The vol­un­teer Don­bas Bat­tal­ion, which fought Rus­sian-sep­a­ratist forces in the east of Ukraine, acted as the demon­stra­tors’ se­cu­rity divi­sion, in­stalling bar­ri­cades and cor­dons to pre­vent the po­lice from dis­pers­ing the camp. The bat­tal­ion is closely al­lied to Samopomich party law­mak­ers Ye­gor Sobolev and Se­men Se­menchenko, the unit’s for­mer com­man­der.

Im­mu­nity

The Rada on Sept. 19 con­sid­ered two bills on can­cel­ing law­mak­ers’ im­mu­nity.

The op­po­si­tion bill en­vis­ages lift­ing im­mu­nity im­me­di­ately, while the pres­i­den­tial bill seeks to lift im­mu­nity start­ing from 2020.

The pres­i­dent’s bill has been crit­i­cized as a de­cep­tion by the op­po­si­tion. Op­po­si­tion law­mak­ers said that Poroshenko and his al­lies may use it as a PR stunt be­fore the 2019 elec­tion, and the next par­lia­ment may de­lay the lift­ing of law­mak­ers’ im­mu­nity even fur­ther.

The Poroshenko Bloc ar­gues that it has no in­ten­tion of post­pon­ing the mea­sure af­ter 2020.

The Rada sent both bills for ap­proval to the Con­sti­tu­tional Court. Sub­se­quently they will be sent back to the Rada, which will need to ap­prove them with a con­sti­tu­tional ma­jor­ity.

“If you don’t lift im­mu­nity, the Ukrainian peo­ple may lift it in an­other way — they’ll throw you out,” Levchenko told his col­leagues in the Rada.

Elec­toral re­form

The elec­tion bill backed by pro­test­ers seeks to re­move sin­gle-mem­ber dis­tricts and leave only party-list pro­por­tional rep­re­sen­ta­tion. Sin­gle-mem­ber dis­tricts are seen as a ma­jor ve­hi­cle of po­lit­i­cal cor­rup­tion in Ukraine, with wealthy can­di­dates buy­ing votes in their con­stituen­cies.

It also seeks to in­tro­duce “open party lists”, which means that cit­i­zens will vote not only for par­ties them- selves but also for spe­cific can­di­dates nom­i­nated by par­ties. Can­di­dates who get more votes will move clos- er to the top of party lists and be more likely to be elected. Un­der the cur­rent sys­tem, party lead­ers can ar­bi­trar­ily choose the or­der in which can­di­dates ap­pear on party lists.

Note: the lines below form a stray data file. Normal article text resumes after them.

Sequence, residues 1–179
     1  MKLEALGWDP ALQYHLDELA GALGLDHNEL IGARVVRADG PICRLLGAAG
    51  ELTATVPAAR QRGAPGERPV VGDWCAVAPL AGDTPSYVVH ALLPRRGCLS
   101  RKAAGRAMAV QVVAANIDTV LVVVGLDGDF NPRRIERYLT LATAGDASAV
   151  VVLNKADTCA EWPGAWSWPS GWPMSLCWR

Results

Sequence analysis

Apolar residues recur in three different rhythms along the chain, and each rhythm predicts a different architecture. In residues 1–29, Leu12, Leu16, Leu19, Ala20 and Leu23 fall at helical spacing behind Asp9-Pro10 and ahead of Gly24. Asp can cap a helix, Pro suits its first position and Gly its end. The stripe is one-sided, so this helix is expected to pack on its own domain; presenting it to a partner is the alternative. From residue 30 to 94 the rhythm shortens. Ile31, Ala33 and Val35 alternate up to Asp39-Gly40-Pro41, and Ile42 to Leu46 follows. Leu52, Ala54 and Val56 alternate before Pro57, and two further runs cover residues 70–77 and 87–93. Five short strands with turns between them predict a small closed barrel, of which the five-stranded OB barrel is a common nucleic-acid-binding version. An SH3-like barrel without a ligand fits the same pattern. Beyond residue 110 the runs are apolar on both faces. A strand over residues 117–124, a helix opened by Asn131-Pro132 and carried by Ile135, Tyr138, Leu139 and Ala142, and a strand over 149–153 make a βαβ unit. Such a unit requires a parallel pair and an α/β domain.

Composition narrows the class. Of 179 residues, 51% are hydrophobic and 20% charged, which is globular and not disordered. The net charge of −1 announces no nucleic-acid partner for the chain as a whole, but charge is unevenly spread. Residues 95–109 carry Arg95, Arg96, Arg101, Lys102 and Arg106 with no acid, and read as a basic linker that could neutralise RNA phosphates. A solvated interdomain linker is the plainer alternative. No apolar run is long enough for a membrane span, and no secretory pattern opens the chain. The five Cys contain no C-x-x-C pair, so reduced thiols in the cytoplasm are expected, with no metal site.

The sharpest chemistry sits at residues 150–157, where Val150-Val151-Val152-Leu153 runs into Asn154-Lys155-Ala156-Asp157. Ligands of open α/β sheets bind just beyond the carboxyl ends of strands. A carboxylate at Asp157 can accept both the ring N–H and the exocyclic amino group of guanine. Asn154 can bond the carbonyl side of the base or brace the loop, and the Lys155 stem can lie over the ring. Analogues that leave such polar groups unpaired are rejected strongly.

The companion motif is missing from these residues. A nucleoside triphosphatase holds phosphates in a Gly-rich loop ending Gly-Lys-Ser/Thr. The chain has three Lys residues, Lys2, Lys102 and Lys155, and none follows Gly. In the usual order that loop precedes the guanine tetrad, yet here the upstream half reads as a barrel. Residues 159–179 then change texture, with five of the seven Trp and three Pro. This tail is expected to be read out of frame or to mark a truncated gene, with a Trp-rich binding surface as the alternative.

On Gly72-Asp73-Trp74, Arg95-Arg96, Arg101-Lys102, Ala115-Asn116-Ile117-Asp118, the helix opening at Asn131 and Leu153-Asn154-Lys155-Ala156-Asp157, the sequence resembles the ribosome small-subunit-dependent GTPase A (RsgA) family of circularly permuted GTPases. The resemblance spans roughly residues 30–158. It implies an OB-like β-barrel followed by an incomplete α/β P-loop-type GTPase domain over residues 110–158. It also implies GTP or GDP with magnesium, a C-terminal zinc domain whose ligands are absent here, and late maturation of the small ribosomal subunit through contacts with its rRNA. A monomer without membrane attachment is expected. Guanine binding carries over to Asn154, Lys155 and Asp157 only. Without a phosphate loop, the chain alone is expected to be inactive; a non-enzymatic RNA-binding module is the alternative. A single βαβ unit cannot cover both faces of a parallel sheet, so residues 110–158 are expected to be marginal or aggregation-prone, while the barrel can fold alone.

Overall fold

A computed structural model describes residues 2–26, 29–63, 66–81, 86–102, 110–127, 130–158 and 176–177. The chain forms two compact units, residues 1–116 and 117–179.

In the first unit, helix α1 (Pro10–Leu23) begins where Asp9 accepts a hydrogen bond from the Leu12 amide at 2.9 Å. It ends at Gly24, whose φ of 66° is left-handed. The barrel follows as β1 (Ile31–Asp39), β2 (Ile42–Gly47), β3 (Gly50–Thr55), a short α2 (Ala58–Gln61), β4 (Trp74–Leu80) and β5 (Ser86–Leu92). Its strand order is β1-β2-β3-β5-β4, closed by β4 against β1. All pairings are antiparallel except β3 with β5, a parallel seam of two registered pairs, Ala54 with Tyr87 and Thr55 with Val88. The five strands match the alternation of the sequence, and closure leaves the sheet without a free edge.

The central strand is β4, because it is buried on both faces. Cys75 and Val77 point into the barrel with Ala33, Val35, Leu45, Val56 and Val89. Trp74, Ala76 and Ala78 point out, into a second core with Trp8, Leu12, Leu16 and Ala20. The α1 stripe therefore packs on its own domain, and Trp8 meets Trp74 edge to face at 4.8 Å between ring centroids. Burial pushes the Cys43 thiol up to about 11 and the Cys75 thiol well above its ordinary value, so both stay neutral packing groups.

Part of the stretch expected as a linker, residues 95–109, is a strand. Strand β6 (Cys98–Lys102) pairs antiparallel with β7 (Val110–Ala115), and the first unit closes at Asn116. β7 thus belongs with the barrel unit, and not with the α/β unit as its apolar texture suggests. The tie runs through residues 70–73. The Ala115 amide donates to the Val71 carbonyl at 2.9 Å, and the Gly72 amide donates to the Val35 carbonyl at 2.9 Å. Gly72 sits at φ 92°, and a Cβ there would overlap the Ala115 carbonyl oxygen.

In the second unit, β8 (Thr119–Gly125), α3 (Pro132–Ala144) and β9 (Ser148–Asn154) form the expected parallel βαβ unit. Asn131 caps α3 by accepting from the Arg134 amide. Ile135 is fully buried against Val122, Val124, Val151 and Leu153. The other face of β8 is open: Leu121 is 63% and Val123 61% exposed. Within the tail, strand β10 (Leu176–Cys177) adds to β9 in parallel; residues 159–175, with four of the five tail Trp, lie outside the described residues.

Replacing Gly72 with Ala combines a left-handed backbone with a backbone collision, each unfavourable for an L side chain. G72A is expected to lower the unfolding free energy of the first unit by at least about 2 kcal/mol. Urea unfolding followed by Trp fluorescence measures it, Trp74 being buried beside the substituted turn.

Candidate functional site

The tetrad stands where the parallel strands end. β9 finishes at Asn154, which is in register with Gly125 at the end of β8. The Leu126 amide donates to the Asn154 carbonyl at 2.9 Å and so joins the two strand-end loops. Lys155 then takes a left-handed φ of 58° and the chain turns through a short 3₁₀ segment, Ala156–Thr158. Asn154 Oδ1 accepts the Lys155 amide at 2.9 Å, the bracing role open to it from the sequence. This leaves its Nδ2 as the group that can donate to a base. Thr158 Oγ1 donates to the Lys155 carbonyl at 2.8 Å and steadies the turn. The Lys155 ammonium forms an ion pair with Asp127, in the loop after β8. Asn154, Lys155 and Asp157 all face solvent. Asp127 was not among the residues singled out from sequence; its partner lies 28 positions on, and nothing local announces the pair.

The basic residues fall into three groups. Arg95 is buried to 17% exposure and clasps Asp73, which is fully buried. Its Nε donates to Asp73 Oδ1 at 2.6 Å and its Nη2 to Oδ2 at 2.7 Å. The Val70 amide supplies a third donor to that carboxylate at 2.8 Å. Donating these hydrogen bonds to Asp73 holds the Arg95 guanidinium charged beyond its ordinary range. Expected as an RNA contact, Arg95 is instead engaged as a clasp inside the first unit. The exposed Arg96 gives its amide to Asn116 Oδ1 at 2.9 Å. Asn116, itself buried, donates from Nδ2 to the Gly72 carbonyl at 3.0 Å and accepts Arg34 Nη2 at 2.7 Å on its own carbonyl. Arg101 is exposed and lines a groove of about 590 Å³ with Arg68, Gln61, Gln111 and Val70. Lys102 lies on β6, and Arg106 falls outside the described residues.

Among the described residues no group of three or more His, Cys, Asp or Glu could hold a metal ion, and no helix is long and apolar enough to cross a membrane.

How­ever, the Rada failed to garner enough votes on Oct. 19 to pass the leg­is­la­tion.

Anti-cor­rup­tion courts

The Euro­pean Com­mis­sion for Democ­racy through Law, bet­ter known as the Venice Com­mis­sion, on Oct. 9 sup­ported leg­is­la­tion to cre­ate in­de­pen­dent anti-cor­rup­tion courts and urged Poroshenko to sub­mit a rel­e­vant bill. How­ever, Poroshenko has re­sisted the idea for more than a year and has failed to sub­mit a bill on anti-cor­rup­tion courts so far.

Iryna Lut­senko, the pres­i­dent’s rep­re­sen­ta­tive in par­lia­ment, said that Poroshenko ex­pected a bill on anti-cor­rup­tion courts to be passed by the end of this year, but added that it first needs to be ap­proved by the Venice Com­mis­sion.

The op­po­si­tion saw this as yet an­other de­lay­ing tac­tic. Svit­lana Zal­ishchuk, a Poroshenko Bloc law­maker crit­i­cal of the pres­i­dent, said that fur­ther re­view was not nec­es­sary be­cause the idea had al­ready been ap­proved by the com­mis­sion.

(Volodymyr Petrov)

Peo­ple rally near the Verkhovna Rada build­ing on Oct. 17 to de­mand that the Ukrainian par­lia­ment sup­port re­forms in Ukraine.

Pro­test­ers clash with po­lice dur­ing a rally of Ukrainian op­po­si­tion in front of the par­lia­ment in Kyiv on Oct. 17.